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Border deal aims to reduce 'tyranny of small differences' in regulation

The United States border crossing is shown Wednesday, December 7, 2011 in Lacolle, Que., south of Montreal.

Ryan Remiorz/Ryan Remiorz/THE CANADIAN PRESS

When Campbell Soup Co. makes canned vegetable soup, it has to run separate production lines, with different can sizes, for the Canadian and U.S. markets.

That's because Canadian regulations specify that only 19-ounce cans of certain processed fruits and vegetable products can be sold in Canadian stores. The company would like to sell 16-ounce cans – the preferred size for U.S. consumers – but it is not allowed to sell them in Canada. In the United States, any can size is permitted.

That's just one of a "tyranny of small differences" in regulation that drives up manufacturing costs and makes cross-border commerce incredibly complex, said Kelly Johnston, vice-president of government affairs at Campbell Soup Co.

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The new U.S.-Canada border deal, announced in Washington Wednesday by Prime Minister Stephen Harper and President Barack Obama, is trying to eliminate some of those regulatory hurdles, as part of its broader effort to smooth trade across the border while making both countries more secure.

A key component of the border plan is to co-ordinate and harmonize some of the vast array of regulations that affect companies operating on both sides of the boundary – to get rid of unnecessary differences and duplications that can add huge costs to a wide range of organizations.

Businesses shouldn't hold their breath, however. While a Regulatory Co-operation Council has been working since February to narrow the areas of most serious concern, it could be months or years before many of the changes are implemented.

Among the key sectors that have been pegged for reform are food and agriculture, transportation (including clearing up conflicting vehicle safety standards), and health and personal care products.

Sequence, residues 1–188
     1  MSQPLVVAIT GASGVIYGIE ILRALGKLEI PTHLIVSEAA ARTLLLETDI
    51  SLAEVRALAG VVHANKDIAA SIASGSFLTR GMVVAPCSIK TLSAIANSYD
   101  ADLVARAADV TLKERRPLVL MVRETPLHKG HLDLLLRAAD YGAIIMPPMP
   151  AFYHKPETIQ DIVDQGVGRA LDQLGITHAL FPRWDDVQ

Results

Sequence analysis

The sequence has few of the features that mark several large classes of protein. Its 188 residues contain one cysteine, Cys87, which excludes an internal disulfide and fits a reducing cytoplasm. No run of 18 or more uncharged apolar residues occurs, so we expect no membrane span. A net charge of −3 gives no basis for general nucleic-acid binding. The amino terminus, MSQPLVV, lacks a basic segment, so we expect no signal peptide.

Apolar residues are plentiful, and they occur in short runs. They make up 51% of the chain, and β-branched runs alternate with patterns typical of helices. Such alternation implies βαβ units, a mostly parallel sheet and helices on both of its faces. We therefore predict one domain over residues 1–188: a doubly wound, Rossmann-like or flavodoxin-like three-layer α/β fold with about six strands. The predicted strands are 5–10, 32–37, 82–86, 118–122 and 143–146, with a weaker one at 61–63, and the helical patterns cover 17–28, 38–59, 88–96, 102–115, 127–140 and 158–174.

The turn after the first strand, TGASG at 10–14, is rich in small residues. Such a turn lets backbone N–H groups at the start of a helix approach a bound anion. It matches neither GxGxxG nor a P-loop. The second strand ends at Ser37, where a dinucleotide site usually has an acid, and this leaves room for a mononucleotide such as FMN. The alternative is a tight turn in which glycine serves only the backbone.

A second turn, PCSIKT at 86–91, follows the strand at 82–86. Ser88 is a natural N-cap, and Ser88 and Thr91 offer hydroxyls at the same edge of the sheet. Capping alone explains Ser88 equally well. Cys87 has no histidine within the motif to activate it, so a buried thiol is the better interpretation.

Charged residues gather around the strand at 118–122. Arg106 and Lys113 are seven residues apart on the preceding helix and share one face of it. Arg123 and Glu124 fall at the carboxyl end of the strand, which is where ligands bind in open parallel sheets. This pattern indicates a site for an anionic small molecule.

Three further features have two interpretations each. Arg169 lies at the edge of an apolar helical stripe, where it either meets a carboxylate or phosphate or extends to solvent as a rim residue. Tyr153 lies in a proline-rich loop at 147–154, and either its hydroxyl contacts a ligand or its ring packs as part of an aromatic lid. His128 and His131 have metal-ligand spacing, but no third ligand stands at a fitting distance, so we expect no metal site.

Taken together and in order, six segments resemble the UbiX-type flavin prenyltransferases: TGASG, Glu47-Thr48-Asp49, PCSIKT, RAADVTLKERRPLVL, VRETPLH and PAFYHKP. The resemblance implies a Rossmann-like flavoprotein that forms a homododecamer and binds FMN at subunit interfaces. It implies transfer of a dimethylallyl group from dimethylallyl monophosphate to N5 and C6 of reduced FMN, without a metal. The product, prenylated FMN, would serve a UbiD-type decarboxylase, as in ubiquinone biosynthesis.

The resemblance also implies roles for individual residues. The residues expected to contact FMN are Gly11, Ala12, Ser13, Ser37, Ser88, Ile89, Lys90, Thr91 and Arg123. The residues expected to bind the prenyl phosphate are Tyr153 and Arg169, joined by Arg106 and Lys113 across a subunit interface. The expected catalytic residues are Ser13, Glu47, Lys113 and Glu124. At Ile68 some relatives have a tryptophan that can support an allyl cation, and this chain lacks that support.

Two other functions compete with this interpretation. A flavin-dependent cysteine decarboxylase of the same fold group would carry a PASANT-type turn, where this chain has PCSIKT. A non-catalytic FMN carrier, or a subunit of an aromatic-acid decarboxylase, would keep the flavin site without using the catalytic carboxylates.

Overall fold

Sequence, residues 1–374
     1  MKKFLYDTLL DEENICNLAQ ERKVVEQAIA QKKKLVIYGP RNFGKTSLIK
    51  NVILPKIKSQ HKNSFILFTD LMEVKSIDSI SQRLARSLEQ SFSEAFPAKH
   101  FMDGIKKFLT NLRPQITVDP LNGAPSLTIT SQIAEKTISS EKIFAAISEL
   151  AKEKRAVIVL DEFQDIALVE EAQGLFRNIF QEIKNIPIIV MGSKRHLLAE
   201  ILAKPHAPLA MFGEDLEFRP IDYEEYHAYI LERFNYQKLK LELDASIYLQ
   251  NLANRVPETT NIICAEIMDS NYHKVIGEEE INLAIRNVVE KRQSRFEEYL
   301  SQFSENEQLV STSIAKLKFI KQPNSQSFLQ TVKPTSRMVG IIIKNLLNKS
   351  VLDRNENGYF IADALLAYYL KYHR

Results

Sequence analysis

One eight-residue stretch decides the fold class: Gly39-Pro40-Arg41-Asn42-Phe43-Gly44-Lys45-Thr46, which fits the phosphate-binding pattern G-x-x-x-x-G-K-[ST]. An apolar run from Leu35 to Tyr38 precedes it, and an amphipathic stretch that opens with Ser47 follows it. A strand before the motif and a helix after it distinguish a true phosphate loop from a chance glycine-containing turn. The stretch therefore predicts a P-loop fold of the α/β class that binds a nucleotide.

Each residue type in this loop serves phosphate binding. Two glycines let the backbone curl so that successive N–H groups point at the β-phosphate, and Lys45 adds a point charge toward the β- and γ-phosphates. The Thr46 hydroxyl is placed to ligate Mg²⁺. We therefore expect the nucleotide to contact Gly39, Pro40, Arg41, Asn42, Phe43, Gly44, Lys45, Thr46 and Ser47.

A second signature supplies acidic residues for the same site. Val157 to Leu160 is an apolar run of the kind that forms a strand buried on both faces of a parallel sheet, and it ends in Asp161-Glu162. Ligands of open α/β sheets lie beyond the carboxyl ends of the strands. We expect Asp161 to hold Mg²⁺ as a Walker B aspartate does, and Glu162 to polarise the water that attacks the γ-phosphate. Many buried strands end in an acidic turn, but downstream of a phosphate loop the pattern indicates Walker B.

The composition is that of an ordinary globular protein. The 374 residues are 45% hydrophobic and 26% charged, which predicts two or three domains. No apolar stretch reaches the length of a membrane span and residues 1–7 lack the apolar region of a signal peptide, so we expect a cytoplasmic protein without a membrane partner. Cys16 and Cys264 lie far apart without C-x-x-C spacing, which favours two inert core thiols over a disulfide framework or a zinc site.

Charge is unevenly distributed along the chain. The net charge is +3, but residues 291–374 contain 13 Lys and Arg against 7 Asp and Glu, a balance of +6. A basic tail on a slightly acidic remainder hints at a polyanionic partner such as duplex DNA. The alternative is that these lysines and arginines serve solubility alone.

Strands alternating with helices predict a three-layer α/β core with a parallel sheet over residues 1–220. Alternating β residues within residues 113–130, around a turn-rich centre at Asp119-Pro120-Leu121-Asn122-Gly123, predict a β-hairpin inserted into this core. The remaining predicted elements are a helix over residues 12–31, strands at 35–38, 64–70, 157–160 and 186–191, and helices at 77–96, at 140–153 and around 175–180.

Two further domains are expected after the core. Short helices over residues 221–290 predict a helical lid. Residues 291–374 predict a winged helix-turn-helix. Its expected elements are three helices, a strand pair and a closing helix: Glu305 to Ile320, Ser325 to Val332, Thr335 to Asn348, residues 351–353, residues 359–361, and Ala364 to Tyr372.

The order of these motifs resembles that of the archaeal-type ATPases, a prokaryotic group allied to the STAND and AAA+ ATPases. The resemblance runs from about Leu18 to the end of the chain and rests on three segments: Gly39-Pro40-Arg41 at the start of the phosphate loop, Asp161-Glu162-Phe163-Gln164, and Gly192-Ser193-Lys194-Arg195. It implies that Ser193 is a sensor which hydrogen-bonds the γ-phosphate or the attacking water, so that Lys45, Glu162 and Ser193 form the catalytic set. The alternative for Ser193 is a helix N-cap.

The food businesses is a crucial target for regulatory reform because of the complex inspection and safety systems in place on both sides of the border. Some discrepancies seem bizarre, such as the different names used in each country for the same cuts of meat. In Canada, producers are not allowed to use the terms "peameal bacon" or "chicken tenderloin," for example.

Mr. Johnston cited a number of regulatory differences that make Campbell Soup's business more complex and add to its costs. For example, Canada does not allow vitamins and minerals to be added to many food products, while the U.S. does. In the United States there are two different food safety regulators, depending on whether a product contains meat, while Canada has just one. And he said it is rare for the Canadian Food Inspection Agency to accept the word of the U.S. agencies, or vice versa, when products are moving between countries.

"This complicates our ability to move products over the border, and it ties up food safety resources [that could be]dispatched elsewhere, where there is higher risk," Mr. Johnston said.

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For the veterinary drug business, better regulatory harmonization "will make a huge difference," said Graeme McRae, president of Bioniche Life Sciences Inc. of Belleville, Ont. One of the company's key products is a cattle vaccine that helps prevent E. coli infections, but "when we went with [it]to the U.S., the [regulatory]requirements were totally different than what was required for Canada," Mr. McRae said. "It is going to cost several million dollars to do again [for the U.S.]what we had to do for Canada."

However, Bioniche recently noticed an improvement in the cross-border attitude when it went to the U.S. to register one of its new animal drug products. Mr. McRae said he hopes this new approach, where U.S. regulators accepted Canadian regulatory data, will become common practice.

Reducing the high costs – and long wait times – in getting veterinary products accepted south of the border is crucially important, he said, because of the size of the U.S. market.

In the transportation sector, Canada's truckers believe the cross-border agreement delivers on promises made by the government. The industry's trade association said that it had been consulting with Ottawa for months, and was most impressed by the plan for harmonizing data requirements for goods in transit.

Canadians were virtually shut out of transporting domestic loads through the United States after Sept. 11, 2001, because they'd have to fill in full customs documentation. This will be changed, making it easier to shorten delivery distances between parts of Canada by crossing through the United States.

"Restoring carriers' ability to move in-transit means more efficient trade, lower costs and faster truck transit times for Canadian carriers moving domestic goods through the U.S.," the association said.

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With files from reporter Steve Ladurantaye

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About the Author
Reporter, Report on Business

Richard Blackwell has reported on Canadian business for more than three decades. At the Financial Post and the Globe and Mail he has covered technology, transportation, investing, banking, securities and media, among many other subjects. Currently, his focus is on green technology and the economy. More

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